European banks could ask for more than a trillion dollars in loans from the European Central Bank (ECB) next month, reported the Financial Times on Monday, as the ECB prepares for a second money auction designed to avert a possible credit crunch.
Last month, the ECB lent banks an unprecedented 489 billion euros ($637 billion) as part of its emergency funding scheme. The sum is expected to be paid back over the next three years, with some analysts suggesting that the banks had used some of this money to invest in higher-yielding eurozone sovereign bonds.
However, several of Europe’s biggest banks have already indicated that they could double, or even triple, their monetary requests at ECB’s upcoming three-year money auction on February 29th, as companies struggled to find investments from external sources.
“People aren't prepared to lend to the banks, so the ECB is just flooding the market with liquidity,” said Christopher Wheeler, an analyst at Mediobanca SpA in London, to Bloomberg News. “But it's only a temporary fix. The ECB is only buying time with these loans hoping that things will improve.”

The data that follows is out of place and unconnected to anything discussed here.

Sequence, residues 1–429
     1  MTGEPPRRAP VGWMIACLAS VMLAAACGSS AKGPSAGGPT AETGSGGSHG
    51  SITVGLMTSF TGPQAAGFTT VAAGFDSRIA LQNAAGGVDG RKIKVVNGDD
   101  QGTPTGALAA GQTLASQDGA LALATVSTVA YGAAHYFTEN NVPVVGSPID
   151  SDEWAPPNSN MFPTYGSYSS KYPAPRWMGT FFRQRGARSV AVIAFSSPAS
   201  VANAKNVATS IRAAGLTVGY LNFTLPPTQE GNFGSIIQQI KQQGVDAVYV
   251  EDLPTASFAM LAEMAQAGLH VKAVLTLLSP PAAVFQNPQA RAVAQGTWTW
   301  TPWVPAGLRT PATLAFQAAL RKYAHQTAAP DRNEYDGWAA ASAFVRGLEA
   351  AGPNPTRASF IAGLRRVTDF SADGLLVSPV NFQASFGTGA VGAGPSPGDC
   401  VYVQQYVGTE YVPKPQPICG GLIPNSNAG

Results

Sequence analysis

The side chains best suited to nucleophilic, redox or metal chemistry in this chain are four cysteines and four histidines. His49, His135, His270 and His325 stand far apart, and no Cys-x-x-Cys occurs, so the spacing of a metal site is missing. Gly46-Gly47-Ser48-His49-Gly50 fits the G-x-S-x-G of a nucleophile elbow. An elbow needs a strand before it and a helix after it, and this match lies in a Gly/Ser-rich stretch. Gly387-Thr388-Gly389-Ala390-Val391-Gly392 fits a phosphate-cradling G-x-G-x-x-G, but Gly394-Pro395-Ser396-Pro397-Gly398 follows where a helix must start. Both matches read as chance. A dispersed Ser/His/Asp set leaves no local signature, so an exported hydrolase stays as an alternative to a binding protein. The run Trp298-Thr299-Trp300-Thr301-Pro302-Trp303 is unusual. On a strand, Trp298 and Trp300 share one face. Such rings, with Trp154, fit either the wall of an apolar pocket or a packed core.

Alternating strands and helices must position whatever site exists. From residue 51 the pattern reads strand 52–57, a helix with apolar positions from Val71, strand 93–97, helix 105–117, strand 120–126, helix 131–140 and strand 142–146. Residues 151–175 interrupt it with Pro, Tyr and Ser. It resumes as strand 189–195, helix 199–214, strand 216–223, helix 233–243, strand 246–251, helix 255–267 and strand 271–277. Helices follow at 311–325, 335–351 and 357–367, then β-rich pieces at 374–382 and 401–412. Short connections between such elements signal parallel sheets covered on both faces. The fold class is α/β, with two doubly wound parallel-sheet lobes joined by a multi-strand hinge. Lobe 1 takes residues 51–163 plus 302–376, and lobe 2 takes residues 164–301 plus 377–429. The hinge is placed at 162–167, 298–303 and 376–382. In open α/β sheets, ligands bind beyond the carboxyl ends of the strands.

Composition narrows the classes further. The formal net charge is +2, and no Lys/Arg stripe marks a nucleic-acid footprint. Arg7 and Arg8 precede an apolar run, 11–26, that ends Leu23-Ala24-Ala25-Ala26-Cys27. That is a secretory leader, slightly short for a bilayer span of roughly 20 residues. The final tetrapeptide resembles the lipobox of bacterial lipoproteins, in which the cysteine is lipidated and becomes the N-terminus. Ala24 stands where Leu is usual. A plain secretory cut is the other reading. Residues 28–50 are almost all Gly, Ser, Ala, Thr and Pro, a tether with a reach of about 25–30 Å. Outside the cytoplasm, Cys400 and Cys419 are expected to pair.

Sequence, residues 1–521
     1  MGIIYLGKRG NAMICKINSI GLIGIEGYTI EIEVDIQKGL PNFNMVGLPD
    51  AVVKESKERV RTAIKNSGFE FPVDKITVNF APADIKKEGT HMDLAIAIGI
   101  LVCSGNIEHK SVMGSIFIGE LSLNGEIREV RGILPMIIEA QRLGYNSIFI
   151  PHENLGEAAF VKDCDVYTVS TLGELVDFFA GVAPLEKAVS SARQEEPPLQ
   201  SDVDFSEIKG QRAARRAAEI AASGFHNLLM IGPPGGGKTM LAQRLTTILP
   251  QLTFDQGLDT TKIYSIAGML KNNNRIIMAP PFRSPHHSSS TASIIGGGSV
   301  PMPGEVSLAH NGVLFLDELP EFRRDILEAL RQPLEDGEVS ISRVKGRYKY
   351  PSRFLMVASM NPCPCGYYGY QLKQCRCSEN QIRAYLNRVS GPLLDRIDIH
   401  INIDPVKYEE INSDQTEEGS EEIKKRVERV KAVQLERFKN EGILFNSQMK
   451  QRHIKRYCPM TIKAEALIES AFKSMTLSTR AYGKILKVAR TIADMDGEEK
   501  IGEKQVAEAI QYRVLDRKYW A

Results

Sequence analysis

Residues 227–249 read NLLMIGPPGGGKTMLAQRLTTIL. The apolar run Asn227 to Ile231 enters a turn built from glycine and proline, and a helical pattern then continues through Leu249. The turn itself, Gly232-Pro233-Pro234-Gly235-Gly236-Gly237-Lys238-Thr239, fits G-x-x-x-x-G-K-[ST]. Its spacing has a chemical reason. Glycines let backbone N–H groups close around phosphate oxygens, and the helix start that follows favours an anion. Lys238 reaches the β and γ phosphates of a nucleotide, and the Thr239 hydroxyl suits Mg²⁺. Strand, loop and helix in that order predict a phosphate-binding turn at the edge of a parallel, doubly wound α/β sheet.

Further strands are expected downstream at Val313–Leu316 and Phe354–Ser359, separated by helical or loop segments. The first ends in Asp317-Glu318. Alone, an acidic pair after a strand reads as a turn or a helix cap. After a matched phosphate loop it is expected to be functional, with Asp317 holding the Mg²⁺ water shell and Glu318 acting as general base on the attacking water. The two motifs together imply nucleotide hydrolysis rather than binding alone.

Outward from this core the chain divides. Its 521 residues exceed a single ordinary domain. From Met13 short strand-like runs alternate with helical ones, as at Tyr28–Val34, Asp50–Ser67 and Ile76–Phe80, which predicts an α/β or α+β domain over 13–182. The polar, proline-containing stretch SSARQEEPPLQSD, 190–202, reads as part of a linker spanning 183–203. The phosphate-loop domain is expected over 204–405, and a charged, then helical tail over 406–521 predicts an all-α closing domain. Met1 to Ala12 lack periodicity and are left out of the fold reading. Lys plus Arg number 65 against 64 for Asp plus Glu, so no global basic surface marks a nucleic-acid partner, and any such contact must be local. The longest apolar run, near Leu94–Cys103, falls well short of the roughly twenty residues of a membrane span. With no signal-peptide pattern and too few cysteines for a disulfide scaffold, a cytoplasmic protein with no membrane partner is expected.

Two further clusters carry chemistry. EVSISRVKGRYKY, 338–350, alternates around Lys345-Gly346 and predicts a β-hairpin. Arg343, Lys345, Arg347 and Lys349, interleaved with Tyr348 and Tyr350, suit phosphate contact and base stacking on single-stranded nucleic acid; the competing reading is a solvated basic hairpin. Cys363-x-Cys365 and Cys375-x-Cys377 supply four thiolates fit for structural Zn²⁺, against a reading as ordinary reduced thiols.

According to one head of a eurozone bank during last week’s World Economic Forum at Davos, “banks are not going to be as shy second time round”, as he acknowledged that the stigma associated with using ECB funds may have put off some banks during the last round of auctions in December.
But, ECB’s president Mario Draghi appears to have helped to assuage banks’ fears – particularly of appearing weak – by persuading as many institutions as possible to participate.
Other politicians, including French President Nicolas Sarkozy, have also been pushing the banks to use the loans due to its extremely low interest rate of 1 percent, in order to purchase higher-yielding European sovereign debt, and thereby forcing down borrowing costs in the region.
The ECB has promised unlimited cash at that interest rate, as lenders try to refinance more than $765 billion of debt that will mature by the end of this year.
During its last auction, Italian and Spanish banks dominated the demand for ECB money, with UniCredit SpA, Italy’s largest lender, taking up to 12.5 billion euros ($16.48 billion) alone. In total, Italian and Spanish banks took more up more than half of the money that was on offer the last time.